In the last tutorial, we have discussed the intersection() method that returns a new set with the elements that are common to all Sets. In this tutorial, we will discuss the intersection_update() method that does not return anything, however it updates the calling Set with the intersection Set. For example calling this method like this `X.intersection_update(Y)`

would update the Set X with the `X ∩ Y`

.

## Set intersection_update() method Syntax

X.intersection_update(Y)

This will update the Set X with X ∩ Y (elements that are common to both the Sets X and Y).

**Parameter**: This method accepts Sets as parameters.

**Return value**: It doesn’t return anything, it just updates the calling Set.

## Python Set intersection_update() method example

In the following example we have two sets X and Y. Here we are calling the method like this: X.intersection_update(Y), this will update the Set X with the intersection values of X and Y.

# Set X X = {1, 2, 3, 4, 5} # Set Y Y = {4, 5, 6, 7} # X will have the elements of X ∩ Y X.intersection_update(Y) # display X print("X is:", X) # display Y print("Y is:", Y)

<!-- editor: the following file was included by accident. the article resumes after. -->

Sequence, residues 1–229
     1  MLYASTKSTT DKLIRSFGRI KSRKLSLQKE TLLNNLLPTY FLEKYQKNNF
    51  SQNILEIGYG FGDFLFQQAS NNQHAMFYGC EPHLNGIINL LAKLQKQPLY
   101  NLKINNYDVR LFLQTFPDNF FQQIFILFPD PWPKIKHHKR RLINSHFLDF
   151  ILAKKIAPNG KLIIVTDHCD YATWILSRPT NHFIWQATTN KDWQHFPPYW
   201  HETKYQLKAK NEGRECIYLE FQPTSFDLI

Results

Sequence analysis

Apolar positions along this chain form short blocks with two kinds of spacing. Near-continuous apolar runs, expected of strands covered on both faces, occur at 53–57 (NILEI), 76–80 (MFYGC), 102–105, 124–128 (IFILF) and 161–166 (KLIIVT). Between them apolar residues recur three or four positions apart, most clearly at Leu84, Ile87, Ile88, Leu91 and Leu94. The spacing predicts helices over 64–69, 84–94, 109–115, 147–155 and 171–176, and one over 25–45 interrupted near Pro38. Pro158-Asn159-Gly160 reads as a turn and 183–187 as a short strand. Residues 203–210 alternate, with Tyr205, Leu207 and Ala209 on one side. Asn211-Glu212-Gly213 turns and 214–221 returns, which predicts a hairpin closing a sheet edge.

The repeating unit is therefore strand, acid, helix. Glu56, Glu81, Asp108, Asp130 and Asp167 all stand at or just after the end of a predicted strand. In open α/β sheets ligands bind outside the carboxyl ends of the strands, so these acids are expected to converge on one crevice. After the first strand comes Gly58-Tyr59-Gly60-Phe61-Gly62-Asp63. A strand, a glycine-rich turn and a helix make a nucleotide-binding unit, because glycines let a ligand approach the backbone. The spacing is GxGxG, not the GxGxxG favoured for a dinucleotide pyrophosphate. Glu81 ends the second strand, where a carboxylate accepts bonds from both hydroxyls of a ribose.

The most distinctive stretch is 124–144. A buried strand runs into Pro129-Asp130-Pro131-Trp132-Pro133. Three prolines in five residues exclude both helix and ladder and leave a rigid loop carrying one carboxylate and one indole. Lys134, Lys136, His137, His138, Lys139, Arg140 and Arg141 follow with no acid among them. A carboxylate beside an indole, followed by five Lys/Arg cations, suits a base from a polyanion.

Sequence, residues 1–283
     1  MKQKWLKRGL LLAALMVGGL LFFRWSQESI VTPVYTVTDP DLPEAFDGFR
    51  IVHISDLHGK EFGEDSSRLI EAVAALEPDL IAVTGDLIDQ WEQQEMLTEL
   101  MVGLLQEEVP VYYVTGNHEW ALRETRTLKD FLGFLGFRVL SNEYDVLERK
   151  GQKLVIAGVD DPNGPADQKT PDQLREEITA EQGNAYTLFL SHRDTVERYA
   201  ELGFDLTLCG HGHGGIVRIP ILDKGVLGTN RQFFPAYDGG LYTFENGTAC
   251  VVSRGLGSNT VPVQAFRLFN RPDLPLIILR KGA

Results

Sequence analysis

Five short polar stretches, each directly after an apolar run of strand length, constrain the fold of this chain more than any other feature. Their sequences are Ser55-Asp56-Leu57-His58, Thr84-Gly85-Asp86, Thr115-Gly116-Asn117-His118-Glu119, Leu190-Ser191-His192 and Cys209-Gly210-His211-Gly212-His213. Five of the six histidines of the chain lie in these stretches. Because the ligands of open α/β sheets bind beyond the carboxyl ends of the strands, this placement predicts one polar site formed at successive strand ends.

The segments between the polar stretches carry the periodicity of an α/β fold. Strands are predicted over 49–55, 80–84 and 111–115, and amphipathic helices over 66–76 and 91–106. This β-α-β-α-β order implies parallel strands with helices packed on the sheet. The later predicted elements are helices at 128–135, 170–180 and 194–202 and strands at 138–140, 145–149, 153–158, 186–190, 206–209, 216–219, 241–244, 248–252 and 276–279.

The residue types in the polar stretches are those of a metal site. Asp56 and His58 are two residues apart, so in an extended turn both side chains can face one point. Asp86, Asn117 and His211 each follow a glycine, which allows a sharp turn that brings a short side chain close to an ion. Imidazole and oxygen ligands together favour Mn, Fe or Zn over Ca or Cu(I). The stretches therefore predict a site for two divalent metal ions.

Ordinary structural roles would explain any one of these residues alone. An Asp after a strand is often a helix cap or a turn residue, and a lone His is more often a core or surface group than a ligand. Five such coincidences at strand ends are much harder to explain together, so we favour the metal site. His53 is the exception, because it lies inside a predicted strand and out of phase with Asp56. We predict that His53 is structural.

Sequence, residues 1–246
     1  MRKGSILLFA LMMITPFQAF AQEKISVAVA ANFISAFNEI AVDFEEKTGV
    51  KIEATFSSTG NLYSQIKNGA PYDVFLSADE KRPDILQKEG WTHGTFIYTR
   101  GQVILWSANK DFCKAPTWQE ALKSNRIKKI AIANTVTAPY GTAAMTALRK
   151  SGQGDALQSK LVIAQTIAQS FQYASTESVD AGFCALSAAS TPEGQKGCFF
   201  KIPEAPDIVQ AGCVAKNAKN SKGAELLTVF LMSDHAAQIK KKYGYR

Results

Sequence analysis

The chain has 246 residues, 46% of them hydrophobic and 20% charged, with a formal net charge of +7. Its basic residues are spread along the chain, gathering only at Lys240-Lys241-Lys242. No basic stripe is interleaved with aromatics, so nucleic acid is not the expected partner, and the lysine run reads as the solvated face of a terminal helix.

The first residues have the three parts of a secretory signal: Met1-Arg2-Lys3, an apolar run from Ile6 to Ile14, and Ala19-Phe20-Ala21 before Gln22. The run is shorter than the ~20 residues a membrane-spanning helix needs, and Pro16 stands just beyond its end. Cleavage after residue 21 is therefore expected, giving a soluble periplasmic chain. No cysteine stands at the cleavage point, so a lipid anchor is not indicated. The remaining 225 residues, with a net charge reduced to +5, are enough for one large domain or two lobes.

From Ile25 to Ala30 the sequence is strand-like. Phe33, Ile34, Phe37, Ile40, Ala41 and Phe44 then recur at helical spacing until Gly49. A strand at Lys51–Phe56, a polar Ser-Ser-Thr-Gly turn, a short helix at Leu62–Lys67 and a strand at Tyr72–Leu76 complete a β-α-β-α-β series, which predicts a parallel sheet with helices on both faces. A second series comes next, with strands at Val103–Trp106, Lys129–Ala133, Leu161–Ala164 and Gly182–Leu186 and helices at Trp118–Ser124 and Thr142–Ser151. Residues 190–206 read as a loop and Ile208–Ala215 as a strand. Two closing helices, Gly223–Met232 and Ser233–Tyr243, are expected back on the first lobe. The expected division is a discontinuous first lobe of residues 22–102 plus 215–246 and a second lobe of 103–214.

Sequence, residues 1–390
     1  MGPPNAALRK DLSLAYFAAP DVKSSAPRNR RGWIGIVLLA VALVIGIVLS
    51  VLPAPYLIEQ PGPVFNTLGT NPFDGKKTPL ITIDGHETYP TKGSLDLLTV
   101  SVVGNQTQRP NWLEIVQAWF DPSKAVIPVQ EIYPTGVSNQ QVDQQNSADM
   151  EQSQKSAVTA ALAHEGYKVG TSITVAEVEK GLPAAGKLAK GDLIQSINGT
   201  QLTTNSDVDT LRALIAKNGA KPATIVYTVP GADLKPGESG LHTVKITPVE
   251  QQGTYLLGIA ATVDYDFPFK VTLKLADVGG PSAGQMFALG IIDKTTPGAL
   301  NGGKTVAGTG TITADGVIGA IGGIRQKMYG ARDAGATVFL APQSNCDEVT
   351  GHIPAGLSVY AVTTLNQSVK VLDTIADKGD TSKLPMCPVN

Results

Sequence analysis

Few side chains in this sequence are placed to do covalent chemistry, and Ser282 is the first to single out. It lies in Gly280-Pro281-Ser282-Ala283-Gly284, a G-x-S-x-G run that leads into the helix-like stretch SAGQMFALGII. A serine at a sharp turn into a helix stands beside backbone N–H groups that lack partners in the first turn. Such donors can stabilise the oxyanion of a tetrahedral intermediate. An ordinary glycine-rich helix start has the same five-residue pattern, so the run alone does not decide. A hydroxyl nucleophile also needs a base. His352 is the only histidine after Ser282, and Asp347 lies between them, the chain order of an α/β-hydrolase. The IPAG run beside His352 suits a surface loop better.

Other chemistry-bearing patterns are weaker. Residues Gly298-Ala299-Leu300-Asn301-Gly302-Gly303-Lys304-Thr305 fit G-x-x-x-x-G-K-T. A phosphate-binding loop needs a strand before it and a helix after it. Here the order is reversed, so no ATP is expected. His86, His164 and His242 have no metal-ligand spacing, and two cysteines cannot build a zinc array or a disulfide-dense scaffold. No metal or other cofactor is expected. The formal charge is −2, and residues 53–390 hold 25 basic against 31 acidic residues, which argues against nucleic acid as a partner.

**Output:**

## Set intersection_update() with more than one Parameters

In the following example we have three Sets X, Y and Z. Here we are passing more than one parameters to the intersection_update() method. To find the intersection between more than two sets we can pass the additional sets in the intersection_update() method as shown in the following example.

# Set X X = {1, 2, 3, 4, 5} # Set Y Y = {4, 5, 6, 7} # Set Z Z = {5, 6, 7, 8, 9} # X will have the elements of X ∩ Y ∩ Z X.intersection_update(Y, Z) # display X print("X is:", X) # display Y print("Y is:", Y) # display Z print("Z is:", Z)

**Output:**

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